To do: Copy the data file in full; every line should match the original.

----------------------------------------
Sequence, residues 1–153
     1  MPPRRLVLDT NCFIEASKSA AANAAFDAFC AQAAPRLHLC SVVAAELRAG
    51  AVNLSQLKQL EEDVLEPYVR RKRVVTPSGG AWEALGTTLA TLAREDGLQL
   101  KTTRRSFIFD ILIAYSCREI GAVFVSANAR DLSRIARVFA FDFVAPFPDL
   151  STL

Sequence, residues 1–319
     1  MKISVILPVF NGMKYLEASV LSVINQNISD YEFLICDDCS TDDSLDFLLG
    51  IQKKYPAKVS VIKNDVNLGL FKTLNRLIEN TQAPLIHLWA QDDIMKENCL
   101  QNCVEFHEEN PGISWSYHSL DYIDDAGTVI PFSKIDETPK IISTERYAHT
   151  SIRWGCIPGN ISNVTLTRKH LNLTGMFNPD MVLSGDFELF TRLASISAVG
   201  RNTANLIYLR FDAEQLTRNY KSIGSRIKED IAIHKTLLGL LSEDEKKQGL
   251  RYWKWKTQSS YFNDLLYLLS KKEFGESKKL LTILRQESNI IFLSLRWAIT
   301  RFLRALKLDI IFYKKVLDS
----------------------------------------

Sequence, residues 1–153
     1  MPPRRLVLDT NCFIEASKSA AANAAFDAFC AQAAPRLHLC SVVAAELRAG
    51  AVNLSQLKQL EEDVLEPYVR RKRVVTPSGG AWEALGTTLA TLAREDGLQL
   101  KTTRRSFIFD ILIAYSCREI GAVFVSANAR DLSRIARVFA FDFVAPFPDL
   151  STL

Sequence, residues 1–319
     1  MKISVILPVF NGMKYLEASV LSVINQNISD YEFLICDDCS TDDSLDFLLG
    51  IQKKYPAKVS VIKNDVNLGL FKTLNRLIEN TQAPLIHLWA QDDIMKENCL
   101  QNCVEFHEEN PGISWSYHSL DYIDDAGTVI PFSKIDETPK IISTERYAHT
   151  SIRWGCIPGN ISNVTLTRKH LNLTGMFNPD MVLSGDFELF TRLASISAVG
   201  RNTANLIYLR FDAEQLTRNY KSIGSRIKED IAIHKTLLGL LSEDEKKQGL
   251  RYWKWKTQSS YFNDLLYLLS KKEFGESKKL LTILRQESNI IFLSLRWAIT
   301  RFLRALKLDI IFYKKVLDS